Recently I saw a 2017 Muller-Gatoir Scheurebe downtown…and heck I thought I still have a 2014. Just pulled out of the cellar, what should I expect?
Scheurebe doesn’t change much over the first ten years. It should still be full of grapefruit, sage and perhaps a little gooseberry.
I have some 2015 Keller. In another thread Martin Zwick said to drink up, fwiw.
I have some 2006 Kracher Scheurebe wine. It was going strong 3 years ago and should go another 10 years. It’s a big sweet wine. Don’t know if all Scheurebe are sweet.
It’s likely delicious, but if he’s worried about it going downhill that fast then it’s a badly made Scheu.
No, not all scheurebe is sweet.
Don’t you think some tropical notes are typical too? I’m sure I have a lot less experience than you, but I seem to remember something riper than what you’re talking about in most or all of the ones I’ve had.
The old HGS Spatlese versions at Catoir and sometimes the Kruger Rumpf versions go that way, and those are in fact my favorites.
The drier versions seem to focus more on the citrus side to my way of tasting.
If it was the Haardter Mandelring Scheurebe Spätlese, then I would buy all you can if you like that 2014 when you open it. Following is my TN- but keep in mind 2017 is an uncommonly big vintage in many German regions and I have found the wines very difficult to enjoy young,
pale yellow color, on the nose dark fruits, figs, lemons, on the palate another reminder of just how extreme the 2017 vintage has been in Germany, awesome impact- wild and weird (a good thing to say when speaking of Scheurebe), loads of dark fruits in the mid-palate and the sort of mousse and cocoa bean note that usually makes this friendly at a young age is so intense and tight as to seem slightly bitter, piercing acid finish- racy and hard, everything is here for this to be an uncommonly long lived and decadent Scheurebe- but it has not quite come together just yet, a rare case where it is best to just bury a Scheurebe in the cellar and forget it for a while.
I agree with David- Scheurebe won’t do much for several years, which is why I think many people took to drinking it young. But if well made, it can last for quite a long time and also improve- if not have quite the dramatic transformations of a great Riesling. A few years ago I had a 1994 Muller-Catoir Scheurebe Spatlese that was sensationally good. Still as fresh and vibrant as a new vintage, but with some added nuance. The old Muller-Catoir Scheurebe’s are some of the best.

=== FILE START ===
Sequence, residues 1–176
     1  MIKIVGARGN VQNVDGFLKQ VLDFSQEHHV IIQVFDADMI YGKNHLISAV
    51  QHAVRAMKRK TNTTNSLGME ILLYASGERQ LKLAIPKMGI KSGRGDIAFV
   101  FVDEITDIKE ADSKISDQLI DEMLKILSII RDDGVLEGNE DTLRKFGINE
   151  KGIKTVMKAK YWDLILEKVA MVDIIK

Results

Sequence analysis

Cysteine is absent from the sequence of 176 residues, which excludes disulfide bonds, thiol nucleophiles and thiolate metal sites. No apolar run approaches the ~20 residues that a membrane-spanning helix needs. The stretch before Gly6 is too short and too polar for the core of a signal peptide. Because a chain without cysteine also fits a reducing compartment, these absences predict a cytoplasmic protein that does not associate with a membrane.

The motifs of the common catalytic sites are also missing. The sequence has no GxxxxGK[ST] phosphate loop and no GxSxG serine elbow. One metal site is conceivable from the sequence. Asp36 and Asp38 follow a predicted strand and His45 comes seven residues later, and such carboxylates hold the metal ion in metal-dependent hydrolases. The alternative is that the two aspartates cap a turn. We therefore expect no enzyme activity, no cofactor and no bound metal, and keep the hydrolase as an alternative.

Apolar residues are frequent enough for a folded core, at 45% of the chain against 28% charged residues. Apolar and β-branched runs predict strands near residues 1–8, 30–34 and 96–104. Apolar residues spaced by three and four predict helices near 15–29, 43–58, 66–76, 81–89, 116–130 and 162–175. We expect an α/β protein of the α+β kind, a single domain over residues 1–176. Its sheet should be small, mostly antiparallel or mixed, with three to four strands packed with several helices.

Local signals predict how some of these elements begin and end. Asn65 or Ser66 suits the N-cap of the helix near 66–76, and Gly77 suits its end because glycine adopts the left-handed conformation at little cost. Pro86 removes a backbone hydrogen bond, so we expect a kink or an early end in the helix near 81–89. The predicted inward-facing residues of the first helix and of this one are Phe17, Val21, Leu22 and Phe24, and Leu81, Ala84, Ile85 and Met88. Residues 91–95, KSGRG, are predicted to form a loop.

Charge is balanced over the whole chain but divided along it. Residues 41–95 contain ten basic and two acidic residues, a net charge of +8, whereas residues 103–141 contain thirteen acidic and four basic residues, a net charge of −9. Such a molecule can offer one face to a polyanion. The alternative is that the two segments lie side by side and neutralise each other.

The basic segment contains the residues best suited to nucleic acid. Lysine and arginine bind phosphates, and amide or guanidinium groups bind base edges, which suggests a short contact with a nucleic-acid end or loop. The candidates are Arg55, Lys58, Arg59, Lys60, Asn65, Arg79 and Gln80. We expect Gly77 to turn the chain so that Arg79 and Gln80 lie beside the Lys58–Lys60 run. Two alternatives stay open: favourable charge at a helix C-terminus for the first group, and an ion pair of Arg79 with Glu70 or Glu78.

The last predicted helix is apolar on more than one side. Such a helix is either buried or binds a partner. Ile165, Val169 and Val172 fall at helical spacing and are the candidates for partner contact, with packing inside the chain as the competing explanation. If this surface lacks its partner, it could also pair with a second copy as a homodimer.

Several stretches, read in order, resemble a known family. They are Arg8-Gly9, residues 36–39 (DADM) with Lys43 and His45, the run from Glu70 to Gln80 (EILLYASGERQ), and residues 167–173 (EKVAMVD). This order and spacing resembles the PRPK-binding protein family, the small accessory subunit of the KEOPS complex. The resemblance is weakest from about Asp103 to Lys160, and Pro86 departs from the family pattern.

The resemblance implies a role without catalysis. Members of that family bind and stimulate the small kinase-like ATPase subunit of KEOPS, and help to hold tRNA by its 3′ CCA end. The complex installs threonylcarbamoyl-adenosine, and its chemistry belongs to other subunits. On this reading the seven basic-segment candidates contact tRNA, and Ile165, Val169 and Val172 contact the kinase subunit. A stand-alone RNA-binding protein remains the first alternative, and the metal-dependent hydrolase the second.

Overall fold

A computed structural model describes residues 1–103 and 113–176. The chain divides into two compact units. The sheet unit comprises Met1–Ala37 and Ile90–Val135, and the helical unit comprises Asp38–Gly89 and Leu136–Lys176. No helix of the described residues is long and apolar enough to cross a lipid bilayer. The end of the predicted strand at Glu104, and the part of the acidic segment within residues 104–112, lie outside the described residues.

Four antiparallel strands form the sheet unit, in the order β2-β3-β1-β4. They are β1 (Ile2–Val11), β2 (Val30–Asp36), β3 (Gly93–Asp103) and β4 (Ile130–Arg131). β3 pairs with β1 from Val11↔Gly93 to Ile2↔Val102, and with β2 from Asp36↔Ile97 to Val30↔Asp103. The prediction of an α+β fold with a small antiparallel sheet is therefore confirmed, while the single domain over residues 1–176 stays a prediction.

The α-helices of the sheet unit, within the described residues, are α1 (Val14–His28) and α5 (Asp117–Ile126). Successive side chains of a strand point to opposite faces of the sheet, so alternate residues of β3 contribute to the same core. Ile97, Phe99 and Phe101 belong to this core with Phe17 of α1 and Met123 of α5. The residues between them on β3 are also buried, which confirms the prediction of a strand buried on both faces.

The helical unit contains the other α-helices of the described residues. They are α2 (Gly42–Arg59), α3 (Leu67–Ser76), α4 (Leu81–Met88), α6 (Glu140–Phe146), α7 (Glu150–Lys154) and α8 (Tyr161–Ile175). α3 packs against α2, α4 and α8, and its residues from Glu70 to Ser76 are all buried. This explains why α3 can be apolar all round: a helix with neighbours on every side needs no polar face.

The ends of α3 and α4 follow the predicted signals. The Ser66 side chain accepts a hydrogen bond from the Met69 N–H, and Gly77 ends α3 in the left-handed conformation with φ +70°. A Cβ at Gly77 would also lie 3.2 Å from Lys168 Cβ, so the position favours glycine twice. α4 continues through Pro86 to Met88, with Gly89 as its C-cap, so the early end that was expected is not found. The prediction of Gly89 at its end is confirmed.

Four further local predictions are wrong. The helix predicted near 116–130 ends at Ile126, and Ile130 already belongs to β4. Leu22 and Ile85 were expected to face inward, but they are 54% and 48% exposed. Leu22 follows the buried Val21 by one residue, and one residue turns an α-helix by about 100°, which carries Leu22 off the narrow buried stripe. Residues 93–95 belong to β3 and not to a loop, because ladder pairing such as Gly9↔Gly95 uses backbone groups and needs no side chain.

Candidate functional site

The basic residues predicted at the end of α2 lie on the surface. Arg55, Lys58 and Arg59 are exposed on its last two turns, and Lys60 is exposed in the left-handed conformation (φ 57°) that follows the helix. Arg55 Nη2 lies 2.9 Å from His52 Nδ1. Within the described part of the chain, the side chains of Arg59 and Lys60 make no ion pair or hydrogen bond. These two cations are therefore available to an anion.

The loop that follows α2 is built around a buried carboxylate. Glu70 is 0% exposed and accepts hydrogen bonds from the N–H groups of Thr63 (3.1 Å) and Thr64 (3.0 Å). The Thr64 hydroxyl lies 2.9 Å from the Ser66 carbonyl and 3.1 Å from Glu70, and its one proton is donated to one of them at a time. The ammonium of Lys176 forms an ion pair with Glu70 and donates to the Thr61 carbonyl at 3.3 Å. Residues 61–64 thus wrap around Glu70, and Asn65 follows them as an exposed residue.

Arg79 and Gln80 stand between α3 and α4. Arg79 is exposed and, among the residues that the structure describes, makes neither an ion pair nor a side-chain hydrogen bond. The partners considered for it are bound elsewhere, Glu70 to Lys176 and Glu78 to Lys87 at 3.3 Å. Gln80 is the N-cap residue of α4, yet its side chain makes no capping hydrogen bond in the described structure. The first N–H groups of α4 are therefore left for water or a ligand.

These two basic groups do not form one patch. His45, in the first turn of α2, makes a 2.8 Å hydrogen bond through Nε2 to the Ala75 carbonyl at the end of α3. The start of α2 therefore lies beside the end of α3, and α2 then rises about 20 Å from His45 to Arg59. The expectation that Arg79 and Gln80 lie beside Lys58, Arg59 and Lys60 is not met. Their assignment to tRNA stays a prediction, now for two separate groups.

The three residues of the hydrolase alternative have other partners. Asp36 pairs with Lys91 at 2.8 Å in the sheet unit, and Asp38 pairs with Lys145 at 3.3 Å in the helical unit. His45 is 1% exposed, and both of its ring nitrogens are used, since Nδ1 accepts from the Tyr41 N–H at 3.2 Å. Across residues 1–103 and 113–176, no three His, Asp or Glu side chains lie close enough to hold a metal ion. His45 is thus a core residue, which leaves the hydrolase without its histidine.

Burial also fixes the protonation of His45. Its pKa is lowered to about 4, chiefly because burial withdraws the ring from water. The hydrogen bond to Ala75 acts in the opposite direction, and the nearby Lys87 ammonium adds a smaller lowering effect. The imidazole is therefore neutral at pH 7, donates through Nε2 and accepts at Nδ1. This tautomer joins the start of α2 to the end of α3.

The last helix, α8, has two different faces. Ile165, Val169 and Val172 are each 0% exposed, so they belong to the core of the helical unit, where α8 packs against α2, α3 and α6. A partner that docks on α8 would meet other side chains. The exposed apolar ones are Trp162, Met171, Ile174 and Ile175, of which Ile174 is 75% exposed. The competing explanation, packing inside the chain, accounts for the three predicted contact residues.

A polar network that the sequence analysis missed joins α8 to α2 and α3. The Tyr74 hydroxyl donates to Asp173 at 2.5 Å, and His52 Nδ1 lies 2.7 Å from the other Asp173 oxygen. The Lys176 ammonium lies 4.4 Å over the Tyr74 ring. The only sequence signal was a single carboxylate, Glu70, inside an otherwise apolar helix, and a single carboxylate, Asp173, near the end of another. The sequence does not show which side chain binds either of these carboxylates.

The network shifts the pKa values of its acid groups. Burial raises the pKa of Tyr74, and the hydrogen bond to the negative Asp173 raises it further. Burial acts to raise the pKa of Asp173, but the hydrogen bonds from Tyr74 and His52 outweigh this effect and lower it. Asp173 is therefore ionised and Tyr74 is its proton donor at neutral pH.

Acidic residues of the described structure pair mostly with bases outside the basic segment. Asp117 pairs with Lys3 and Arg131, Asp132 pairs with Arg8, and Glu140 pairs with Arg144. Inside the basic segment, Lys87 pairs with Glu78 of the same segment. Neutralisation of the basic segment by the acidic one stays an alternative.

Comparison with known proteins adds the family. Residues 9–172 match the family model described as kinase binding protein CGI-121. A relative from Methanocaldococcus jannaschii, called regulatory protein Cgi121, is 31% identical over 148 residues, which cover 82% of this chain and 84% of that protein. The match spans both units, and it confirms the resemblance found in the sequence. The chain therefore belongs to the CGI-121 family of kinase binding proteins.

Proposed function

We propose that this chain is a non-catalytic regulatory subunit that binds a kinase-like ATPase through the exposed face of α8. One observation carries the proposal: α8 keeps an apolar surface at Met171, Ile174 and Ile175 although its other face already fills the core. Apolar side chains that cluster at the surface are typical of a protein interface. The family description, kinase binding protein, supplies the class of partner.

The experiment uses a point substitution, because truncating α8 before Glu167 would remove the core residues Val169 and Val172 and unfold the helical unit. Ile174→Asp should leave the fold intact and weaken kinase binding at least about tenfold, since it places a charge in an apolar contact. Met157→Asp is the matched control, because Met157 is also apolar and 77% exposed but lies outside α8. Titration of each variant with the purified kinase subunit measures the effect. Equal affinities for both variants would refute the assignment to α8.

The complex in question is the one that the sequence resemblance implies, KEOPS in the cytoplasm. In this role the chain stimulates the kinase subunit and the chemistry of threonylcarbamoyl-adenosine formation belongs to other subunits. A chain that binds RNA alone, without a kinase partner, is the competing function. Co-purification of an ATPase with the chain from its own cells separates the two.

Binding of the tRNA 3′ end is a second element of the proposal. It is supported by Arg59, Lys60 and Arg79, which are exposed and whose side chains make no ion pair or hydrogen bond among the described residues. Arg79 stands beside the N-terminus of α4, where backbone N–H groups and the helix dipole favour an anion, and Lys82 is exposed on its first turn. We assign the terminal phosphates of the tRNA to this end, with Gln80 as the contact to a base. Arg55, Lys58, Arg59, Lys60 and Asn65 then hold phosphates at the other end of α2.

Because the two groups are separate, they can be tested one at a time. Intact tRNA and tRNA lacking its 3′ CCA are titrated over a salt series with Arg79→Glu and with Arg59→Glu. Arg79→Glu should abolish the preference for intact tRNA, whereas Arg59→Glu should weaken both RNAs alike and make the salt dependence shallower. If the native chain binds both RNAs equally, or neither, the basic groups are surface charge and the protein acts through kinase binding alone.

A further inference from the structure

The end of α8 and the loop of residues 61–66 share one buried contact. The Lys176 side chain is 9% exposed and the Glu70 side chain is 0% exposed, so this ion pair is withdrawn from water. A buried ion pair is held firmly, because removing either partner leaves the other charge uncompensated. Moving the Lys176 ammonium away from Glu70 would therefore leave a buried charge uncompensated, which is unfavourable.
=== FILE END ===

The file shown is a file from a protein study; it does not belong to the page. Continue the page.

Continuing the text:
While we are talking Scheurebe- if I may be permitted to engage in a bit of thread drift since the subject does not often come up,
Has anyone ever seen or tried the 1994 Reichsrat Von Buhl Ruppertsberger Reiterpfad Scheurebe Trockenbeerenauslese? I got a 3 pack from the Rudi Weist collection at auction and I actually had to create an entry for that particular vintage in CT. There was already a BA. 1994 was a very fine vintage for Scheurebe- so I think this could be interesting, but with only 3 bottles of an evidently very rare curiosity I am hoping to have something to go on before taking the plunge. Even TNs for other dessert wines of Von Buhl from the era would be helpful.
Let me be clear, Keller Scheurebe can age. A few months ago I had a 2012 Keller Scheurebe which was quite fine.
Of course the 2015 Keller Scheurebe is not (!) going downhill. I rather suggested to open a 2015 bottle now, as I assume Joshua has a case of Scheurebe and not just 1 bottle.
Owed to Scheurebe
not nearly so shy
as the name would imply
its pungent aromas
revive cats from comas
© james oliver wright 2003
Allow me to pause to wipe away a tear…
When Hans Gunter Schwarz was the winemaker at Muller Catoir he had am amazingly deft hand for Scheurebe. I’ve never tasted any others half as good (well, maybe the 2002 Weegmuller).
That said, I haven’t given the more recent MC vintages a try and maybe they’ve gotten a better handle on things? I was so disappointed by 04 and 05 that I stopped trying them. And there are certainly good renditions elsewhere, including Darting and Kruger Rumpf.
when i was more active and over in Germany a lot (before i buried myself in Vienna)
my buddies in the Pfalz – plus the illustrious HG Schwarz cited above –
were the Scheurebe doctors
never got tired of needling them,
that the best dry Scheu in all of D, year after year,
was the Iphöfer Kronsberg Scheurebe Spätlese Trocken from Dr Wirsching
In the Pfalz, Pfeffingen also deserves a mention. I came to this late and don’t go back as far as the early aughts, but they’ve been my favorite in the past few years.
Pfeffingen always among the tops for Scheu
Good points about pfeffingen and, of course, Iphofer. I loathe Bocksbeutels so much that I try to put out of mind how good the wines are.
LOVE to read about the pfeffingen scheurebe.
I have been a fan and regular visitor since the late 80ies, and they were and are exactly as david said: almost “unkaputtbar” (undestroyable), at least the sweet ones from spat upwards and the ripe trockens (amazing balance albeit 13-13.5 alc). also very tasty BA an even eisweins from the nineties.
I have a single bottle left of a sweet 1992 scheu spat from pfeffingen which i used to drink in the summer of 1993 with a very nice girl friend.
I cherich that bottle knowing that it will take me back to the taste of that summer…
Minges (Pfalz) is another to look out for.